They asked for blue, of course. As a result, the facade of this imposing building is aluminum panels painted a bluish tint to recall the familiar police shield logo. “Architecture with so much gravitas stands as a symbol of the commitment our city has made to training strong, competent first-responders,” Perkins + Will firm-wide design director for interiors Joan Blumenfeld suggests. “Police are bodyguards of the public realm.”
City policy already demanded LEED Silver, and the team sought enough extra credits, including one for active design, to get to Gold. Indeed, the 730,000-square-foot building is not only inspiring to walk through but also aerobic. It takes more than 5 minutes to stride from the entry at one end of the ground level’s central promenade to the cafeteria at the other. “A sensible ordering of activities underscores both the training requirements and the seriousness of purpose of becoming a police officer,” Michael Fieldman says.
Physical training involves laps around the running track in the nearly 300-foot-long main gym. Upstairs, practical training happens in mock environments, among them a courtroom and a convenience store. The latter comes complete with shelves of what looks like boxed snacks. In fact, those boxes are empty, though you wonder if they really have to be. Who’d steal Nutter Butters under the steadfast gaze of the fuzz?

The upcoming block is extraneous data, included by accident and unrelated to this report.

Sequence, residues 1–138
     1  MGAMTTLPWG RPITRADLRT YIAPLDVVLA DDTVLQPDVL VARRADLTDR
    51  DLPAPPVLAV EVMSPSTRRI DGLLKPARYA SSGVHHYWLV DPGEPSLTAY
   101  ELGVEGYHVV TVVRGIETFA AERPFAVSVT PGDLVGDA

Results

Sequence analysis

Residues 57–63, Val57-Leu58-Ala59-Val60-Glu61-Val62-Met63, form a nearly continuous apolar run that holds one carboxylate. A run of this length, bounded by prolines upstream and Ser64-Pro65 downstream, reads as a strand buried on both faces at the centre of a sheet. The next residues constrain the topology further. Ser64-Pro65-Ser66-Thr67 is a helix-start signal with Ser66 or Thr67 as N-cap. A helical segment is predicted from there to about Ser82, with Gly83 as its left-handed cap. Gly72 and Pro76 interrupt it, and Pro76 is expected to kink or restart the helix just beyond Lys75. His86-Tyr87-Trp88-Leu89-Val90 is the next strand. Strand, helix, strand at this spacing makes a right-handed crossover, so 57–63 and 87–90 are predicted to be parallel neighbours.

Project Team: Perkins + Will: Anthony Fieldman; Paul Eagle; Laurie Butler; Peter Costanzo; Federico Del Priore; Breeze Glazer; Craig Graber; Lindsay Homer; Michael Ohlhausen; Ming Ming Ong; Dawn Pappas; Rachel Robinson; Scott Schiamberg; Filippo Soave; Steven South; Grace Tang; Gerald Vasisko; Deborah Young. Michael Fieldman Architects: Donald Flagg; Matthew McClain; Youngsun Ko; Youmi Kim; Ana Cano-Villegas; Arjuna Balaranjan; John Adamek; Ed Rawlings; Jordan Yamada; Steven Kilian.